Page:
7 Habits to Help You Make Dinner Without Planning At All, According to a Recipe Developer

The art of improvisation in the kitchen can absolutely be learned if you reframe how you look at your pantry. Plus, three recipes for go-with-anything sauces that turn any ingredients into a meal.

Keep in mind: Price and stock could change after publish date, and we may make money from these links.
November 05, 2021

Get the recipe: Creamy Dressings from Ready, Set, Cook

Get the recipe: Creamy Dressings from Ready, Set, Cook

For the past twelve years or so I have spent the bulk of my professional time writing recipes for busy working people, myself included. Focused on dinner solutions, I made promises about 30-minute meals, aimed to dirty as few dishes as possible, and put melted cheese and tomato sauce on enough things that I thought the kids might, at the very least, taste what I was selling.

Those solutions are all great on paper but they can only get you so far when you get home, tired and hungry, and faced with the task of putting together another meal you hope everyone might like.

A lot of people will tell you it’s all about meal prep. You make A, B, and C on Sunday and then reinvent them throughout the week. Which is great in theory, but I’m not interested in spending a whole Sunday in the kitchen chopping and simmering and packaging meals for the week ahead. Plus, rare are the times when whatever I had intended to eat on Wednesday still seemed appealing when hump day finally arrived.

I say forget meal planning. Instead, I exercise these habits to help make weeknight meals so easy it hardly feels like cooking at all. (And read even more of my tricks and recipe ideas, in my brand new cookbook, Ready, Set, Cook.)

I stock the pantry with versatile hard-working staples I know can do a lot.

I think of my base pantry the same way I do kitchen equipment: I try to avoid anything that can only do one thing (looking at you, cherry pitter and ghost pepper hot sauce). Instead I focus on more obvious items (flour, olive oil, pasta, salt) as well as the slightly less so (dried fruit, chilies, soy sauce). The important thing is that every one of my base pantry ingredients can do a lot. Flour, for example, can be kneaded into biscuits to serve alongside simply seared fish or act as the secret ingredient that turns chicken stock into a silky sauce for chicken piccata.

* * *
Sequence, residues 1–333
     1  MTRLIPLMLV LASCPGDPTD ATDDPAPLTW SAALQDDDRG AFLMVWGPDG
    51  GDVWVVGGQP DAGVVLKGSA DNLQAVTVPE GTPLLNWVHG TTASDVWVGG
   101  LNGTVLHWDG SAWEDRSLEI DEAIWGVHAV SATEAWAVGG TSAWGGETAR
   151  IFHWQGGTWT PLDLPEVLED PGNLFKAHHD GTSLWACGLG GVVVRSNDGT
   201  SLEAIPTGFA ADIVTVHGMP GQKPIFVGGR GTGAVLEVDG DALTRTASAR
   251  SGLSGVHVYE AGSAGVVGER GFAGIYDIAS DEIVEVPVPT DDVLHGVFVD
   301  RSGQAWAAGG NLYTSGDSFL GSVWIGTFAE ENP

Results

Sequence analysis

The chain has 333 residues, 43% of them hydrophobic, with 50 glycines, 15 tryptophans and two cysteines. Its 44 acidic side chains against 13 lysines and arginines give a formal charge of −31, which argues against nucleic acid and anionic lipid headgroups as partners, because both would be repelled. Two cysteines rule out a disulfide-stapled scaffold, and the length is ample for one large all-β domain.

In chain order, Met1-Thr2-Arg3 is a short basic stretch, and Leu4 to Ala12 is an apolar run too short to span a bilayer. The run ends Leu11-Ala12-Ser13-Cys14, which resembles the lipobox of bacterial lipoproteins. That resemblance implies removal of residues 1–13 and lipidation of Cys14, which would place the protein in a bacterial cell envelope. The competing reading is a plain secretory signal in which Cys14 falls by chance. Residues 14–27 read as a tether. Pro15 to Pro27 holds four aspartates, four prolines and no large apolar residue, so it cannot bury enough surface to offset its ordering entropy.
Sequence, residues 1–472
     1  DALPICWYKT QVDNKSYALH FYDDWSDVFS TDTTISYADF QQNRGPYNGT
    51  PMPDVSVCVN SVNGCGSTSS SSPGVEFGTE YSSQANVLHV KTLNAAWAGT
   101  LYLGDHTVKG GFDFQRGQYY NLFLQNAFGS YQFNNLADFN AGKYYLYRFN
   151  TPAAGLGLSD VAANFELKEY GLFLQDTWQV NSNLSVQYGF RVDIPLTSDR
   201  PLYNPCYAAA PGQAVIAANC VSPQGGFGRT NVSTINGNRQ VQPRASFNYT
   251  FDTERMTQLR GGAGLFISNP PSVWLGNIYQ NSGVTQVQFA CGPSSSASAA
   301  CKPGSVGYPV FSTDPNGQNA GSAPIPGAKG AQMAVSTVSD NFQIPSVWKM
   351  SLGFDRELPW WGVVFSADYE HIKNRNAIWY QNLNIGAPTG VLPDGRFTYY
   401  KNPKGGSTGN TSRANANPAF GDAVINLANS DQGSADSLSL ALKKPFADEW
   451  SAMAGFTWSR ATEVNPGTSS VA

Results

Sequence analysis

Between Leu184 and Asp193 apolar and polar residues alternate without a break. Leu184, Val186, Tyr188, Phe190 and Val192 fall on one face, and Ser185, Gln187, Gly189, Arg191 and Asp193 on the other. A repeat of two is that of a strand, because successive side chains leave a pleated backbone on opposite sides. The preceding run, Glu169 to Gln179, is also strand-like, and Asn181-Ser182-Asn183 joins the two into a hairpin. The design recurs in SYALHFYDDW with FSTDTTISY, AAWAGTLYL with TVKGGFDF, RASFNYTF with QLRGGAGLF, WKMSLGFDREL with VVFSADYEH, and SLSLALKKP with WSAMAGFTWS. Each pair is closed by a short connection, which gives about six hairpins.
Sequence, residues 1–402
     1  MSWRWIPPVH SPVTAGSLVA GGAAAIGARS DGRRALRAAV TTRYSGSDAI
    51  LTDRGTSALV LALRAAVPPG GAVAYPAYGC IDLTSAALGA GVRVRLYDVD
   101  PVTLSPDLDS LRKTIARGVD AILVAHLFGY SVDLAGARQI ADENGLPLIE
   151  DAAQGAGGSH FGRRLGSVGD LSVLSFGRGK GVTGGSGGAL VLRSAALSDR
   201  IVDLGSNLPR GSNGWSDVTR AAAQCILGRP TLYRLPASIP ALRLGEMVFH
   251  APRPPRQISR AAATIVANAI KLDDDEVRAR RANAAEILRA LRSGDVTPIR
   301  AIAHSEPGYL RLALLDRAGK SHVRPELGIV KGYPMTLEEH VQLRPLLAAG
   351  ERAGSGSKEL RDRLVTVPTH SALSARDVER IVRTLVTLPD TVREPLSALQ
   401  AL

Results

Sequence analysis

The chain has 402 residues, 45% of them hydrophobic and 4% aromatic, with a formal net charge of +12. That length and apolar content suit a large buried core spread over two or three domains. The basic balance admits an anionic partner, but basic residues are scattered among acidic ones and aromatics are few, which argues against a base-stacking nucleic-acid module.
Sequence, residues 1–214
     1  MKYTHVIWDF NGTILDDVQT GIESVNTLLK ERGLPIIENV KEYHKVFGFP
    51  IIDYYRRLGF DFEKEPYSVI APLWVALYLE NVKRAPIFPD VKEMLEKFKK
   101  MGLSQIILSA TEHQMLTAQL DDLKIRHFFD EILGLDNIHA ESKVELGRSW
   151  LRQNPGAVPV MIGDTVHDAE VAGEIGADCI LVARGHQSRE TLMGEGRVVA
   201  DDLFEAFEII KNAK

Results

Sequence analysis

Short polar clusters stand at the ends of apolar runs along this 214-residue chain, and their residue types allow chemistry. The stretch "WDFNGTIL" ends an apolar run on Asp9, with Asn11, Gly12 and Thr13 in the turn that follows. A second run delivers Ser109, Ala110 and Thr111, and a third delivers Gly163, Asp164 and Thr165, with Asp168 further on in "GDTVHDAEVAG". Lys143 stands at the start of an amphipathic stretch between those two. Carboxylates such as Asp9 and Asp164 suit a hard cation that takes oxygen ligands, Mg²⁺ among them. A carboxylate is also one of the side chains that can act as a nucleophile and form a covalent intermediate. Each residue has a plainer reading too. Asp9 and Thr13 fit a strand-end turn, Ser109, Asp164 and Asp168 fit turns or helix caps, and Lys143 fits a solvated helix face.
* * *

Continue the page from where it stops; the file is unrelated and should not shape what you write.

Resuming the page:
I keep food on hand that my family and I actually like eating.

If the first step in cooking without a plan is keeping food in the house, the second is keeping food you actually like in the house. Seems obvious, right? But you'd be surprised how much stuff is in the fridge and cupboards that you never use or that you don't like eating. Be honest with yourself about what you like and what you’ll eat in a reasonable amount of time (mind those expiration dates). Buy in smaller quantities (single serving cottage cheese is the right move for me) and double down on stuff you know you and your family will go through quickly. Pasta is a sure thing for us, so I always keep a variety of shapes around. Same goes with fresh items: carrots and cucumbers are my kids’ favorites for my kids so I keep them both around all the time knowing I can roast, smash or simply serve them raw with a bit of dip.

I get organized…

I am not, by nature, a super-organized person, but as one gets older and adopts more responsibility (or has more children), it becomes an imperative. Some of the “rules” I set for myself are really just a gentle reminder to K.I.S.S. (Keep it simple, um, sweetheart). But these are the big ones:

Keep like with like. Canned goods stack neatly on top of one another; bags and bulky items nest nicely on low shelves and so on. You’ll save time looking for things because it will be obvious where they’re kept. Same goes when you’re shopping for groceries. Does the thing come in a can? Look near the other cans. Box-shaped? Head toward the cracker and cereal aisle.

And avoid overflow. Unless you are serving a bunch of endurance athletes on a regular basis I would eschew auxiliary storage. This seems to encourage hoarding and keeps you from taking a hard look at what you’re really cooking and eating. If food is out of sight (in that fridge in the garage, for example) it’s probably out of mind. If you can see it, you’re more likely to be inspired to eat it.